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Old 03-09-2017, 07:08 AM   #1
Join Date: Mar 2017
Posts: 1
Thick lingering white smoke, not oil or water, HELP!

Hello, and thanks in advance. I've got a thick cloud of lingering white/gray smoke coming out of my exhaust. Does not smell like oil, am not losing coolant. Smells to me like car running very VERY rich. Puff of smoke comes out thicker for a moment right after I let up on the accelerator. Shortly after parking the car I lose pressure in the fuel rail. I was thinking leaking fuel injector. When I removed the fuel rail and turned the key to the accessory position there was no leaky injector. I decided to check the fuel pressure again with the car in the accessory position, and NOTHING. No fuel pressure. Is it possible that the fuel pump charges the system and then stops and resumes charging the system upon cranking/running? The car runs great. It does run a bit rough during the first 5 seconds of running if I try and go anywhere, but it idles fine from the beginning, and as long as I wait just a few moments before I go anywhere she runs great. If it's stop and go traffic it's a military smoke grenade going off behind me. As long as I am moving it's just a puff of smoke every now and again. Car has 140,000 miles on her. This weekend I am going to compression check the engine, try and locate the fuel return check valve, monitor the fuel system pressure, and try re-torquing the head bolts. Since I feel like I couldn't accurately test the fuel injectors (as the fuel rail had no pressure) I want to try and find a way of checking those but I don't know how to do that if there's no pressure in the line unless I'm cranking. Anyone know of a good way to check for a leaking fuel injector? Anyone know of any OTHER way excessive fuel can find its way in the exhaust? (I checked the fuel regulator vacuum line) Can anyone think of anything else that can cause thick white smoke that isn't oil or water? Any advice with what to do would be most appreciated. Thanks for reading!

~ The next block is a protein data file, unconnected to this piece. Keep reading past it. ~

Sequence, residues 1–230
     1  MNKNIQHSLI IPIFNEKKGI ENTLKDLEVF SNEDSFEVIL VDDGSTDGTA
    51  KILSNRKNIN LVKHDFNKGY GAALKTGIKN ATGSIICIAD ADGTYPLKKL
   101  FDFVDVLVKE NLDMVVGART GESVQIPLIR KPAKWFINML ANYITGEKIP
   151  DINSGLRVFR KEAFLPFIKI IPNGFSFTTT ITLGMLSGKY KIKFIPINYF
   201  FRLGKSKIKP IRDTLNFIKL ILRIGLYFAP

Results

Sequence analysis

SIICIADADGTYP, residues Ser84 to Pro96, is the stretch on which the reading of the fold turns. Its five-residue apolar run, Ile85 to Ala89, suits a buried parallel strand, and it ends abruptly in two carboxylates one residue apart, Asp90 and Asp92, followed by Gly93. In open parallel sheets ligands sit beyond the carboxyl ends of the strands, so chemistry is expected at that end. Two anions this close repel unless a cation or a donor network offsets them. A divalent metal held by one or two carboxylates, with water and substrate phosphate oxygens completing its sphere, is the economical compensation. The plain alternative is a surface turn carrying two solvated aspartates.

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Old 03-09-2017, 04:38 PM   #2
Drew In Houston
Join Date: Aug 2006
Posts: 2,864
First, welcome. Hopefully you stick around or at least update as you work through this.

The fuel Send line checkvalve is part of the fuel line right where it connects to the top of the fuel canister lid, it's barrel shaped and is the part that actually clips onto the lid of the fuel pump assembly.

The Return is controlled by the fuel pressure regulator (FPR). The FPR is mounted onto the fuel rail, drivers side, and has a vacuum reference line that's supposed to go to the intake manifold proper (downstream from the throttle body).

I'd check that vacuum reference line first. I don't know that it can cause the gross over fueling that you're describing, but it can cause over fueling at vacuum conditions and under fueling at boost conditions when that rubber goes bad. The way it's supposed to work is that when the manifold is under vacuum conditions, the FPR opens wider to allow more fuel to return to the tank, if that reference line is lost, then it can't do that and you'll get too much fuel. Under boost it's supposed to shut more, thereby increasing fuel pressure linearly to match the increase in boost pressure. In that way the pressure differential is mechanically maintained across the fuel injectors under all conditions.

That's maybe $0.30 worth of vacuum hose. Maybe that's it?
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Last edited by Trionic3000; 03-09-2017 at 04:43 PM.
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9-5, fuel, injector, saab, smoke

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